Key test for Sarbanes-Oxley before Supreme Court today
The Supreme Court today is hearing arguments in an opaque-sounding case called Free Enterprise Fund v. PCAOB that could end up having wide-ranging impact on Washington oversight of publicly traded corporations.
Without getting too far into the weeds, this case comes down to the Sarbanes-Oxley Act of 2002, which was rushed into law following the Enron and WorldCom scandals of the early part of this century. It enhanced or created new rules for U.S. corporations that include standards for the independence of corporate auditors, requiring chief executives to take personal responsibility for the efficacy of earnings reports and so on.
Proponents of the act said it was critical to restore investor confidence in the markets and companies. Opponents said it created another level of costly bureaucracy on companies in the U.S., setting them behind foreign rivals.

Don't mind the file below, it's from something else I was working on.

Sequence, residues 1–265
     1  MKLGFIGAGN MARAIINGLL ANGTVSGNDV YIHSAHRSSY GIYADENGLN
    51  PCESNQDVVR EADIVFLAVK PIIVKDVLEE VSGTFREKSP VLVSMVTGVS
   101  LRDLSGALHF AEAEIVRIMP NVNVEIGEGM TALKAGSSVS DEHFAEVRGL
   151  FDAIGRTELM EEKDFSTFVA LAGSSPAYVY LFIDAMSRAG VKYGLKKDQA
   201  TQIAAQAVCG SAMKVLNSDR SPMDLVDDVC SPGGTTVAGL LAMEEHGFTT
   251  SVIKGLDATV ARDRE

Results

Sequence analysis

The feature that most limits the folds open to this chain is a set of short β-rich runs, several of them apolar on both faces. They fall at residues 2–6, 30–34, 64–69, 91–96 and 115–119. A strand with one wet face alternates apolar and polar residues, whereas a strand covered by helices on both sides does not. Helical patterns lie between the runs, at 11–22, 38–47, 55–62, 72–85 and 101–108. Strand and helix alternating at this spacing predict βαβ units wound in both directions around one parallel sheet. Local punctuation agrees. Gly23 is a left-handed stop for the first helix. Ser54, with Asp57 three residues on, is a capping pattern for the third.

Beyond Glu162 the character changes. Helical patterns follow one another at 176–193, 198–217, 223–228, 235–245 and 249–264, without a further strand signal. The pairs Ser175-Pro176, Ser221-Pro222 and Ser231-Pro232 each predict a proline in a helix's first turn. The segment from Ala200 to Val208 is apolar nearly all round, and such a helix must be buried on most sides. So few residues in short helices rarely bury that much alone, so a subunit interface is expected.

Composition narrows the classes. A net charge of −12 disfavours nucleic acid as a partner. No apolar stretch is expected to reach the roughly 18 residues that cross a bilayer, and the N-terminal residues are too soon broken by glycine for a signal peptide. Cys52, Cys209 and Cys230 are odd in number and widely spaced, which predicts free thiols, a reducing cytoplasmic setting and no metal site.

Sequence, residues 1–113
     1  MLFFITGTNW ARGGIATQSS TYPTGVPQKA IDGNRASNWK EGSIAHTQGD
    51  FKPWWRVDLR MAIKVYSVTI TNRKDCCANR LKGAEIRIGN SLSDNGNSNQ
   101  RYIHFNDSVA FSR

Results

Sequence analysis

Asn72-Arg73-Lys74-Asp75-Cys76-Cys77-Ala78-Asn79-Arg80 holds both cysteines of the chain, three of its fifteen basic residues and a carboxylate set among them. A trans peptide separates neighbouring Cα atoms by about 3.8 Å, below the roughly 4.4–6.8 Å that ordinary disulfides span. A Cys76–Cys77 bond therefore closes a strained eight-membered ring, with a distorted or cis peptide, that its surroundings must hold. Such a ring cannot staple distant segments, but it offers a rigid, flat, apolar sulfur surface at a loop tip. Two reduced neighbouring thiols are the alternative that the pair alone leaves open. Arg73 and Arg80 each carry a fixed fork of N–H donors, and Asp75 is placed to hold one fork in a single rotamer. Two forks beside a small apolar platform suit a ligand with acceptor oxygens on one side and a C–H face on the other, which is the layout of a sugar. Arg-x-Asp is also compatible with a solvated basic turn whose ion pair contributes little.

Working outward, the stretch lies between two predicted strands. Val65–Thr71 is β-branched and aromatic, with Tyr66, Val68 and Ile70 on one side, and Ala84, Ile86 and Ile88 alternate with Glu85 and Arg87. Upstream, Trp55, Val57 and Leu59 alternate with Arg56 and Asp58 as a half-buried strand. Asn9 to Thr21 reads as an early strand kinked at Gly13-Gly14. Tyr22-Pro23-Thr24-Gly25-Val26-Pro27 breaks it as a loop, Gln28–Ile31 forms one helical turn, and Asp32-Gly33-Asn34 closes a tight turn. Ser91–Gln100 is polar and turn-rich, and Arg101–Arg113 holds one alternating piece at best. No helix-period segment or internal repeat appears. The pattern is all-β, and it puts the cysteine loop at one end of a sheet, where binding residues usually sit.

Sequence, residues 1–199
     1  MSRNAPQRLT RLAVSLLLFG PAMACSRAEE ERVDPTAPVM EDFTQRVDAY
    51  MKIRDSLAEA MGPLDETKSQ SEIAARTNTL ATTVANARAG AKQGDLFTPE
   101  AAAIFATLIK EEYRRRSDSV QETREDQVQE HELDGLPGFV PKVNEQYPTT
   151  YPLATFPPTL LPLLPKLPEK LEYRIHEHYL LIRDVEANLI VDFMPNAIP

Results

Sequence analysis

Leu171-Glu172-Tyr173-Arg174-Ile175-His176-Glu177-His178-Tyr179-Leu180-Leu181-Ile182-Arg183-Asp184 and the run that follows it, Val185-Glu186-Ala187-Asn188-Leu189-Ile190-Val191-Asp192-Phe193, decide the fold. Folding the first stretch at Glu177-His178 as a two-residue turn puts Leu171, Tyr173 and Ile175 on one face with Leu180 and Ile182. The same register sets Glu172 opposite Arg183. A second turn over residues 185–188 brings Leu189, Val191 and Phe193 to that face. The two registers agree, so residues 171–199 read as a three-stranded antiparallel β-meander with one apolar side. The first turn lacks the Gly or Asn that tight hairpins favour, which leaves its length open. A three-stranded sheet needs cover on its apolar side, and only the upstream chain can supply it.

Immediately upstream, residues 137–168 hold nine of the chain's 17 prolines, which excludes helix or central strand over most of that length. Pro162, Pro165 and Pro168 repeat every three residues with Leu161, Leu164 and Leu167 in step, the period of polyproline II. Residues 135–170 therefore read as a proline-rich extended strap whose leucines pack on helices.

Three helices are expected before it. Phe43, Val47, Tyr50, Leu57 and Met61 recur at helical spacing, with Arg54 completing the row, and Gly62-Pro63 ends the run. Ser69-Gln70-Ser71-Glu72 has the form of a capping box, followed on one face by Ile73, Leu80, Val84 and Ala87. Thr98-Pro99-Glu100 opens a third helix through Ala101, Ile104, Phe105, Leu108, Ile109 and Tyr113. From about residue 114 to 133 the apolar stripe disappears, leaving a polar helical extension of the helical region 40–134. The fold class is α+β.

At issue today in the Supreme Court is the PCAOB, created by Sarbanes-Oxley, or SarbOx, or even SOX, as it's sometimes referred to.
The PCAOB is the Public Company Accounting Oversight Board, and it regulates auditors of publicly traded companies.
On the other side is the Free Enterprise Fund, an anti-tax group backed by economist Stephen Moore, a member of the Wall Street Journal's editorial board.
The Fund's case against the PCAOB: The Constitution requires that the members of the group be appointed by the president, not the SEC, as is the current case.
If the court sides with the Fund, it could lay the groundwork for dismantling SarbOx, which is what many business leaders have been cheering for -- and consumer investment advocates have been fearing -- for years.
-- Frank Ahrens
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December 7, 2009; 12:44 PM ET
Categories: The Ticker | Tags: Free Enterprise Fund, SarbOx, Sarbanes-Oxley, Stephen Moore
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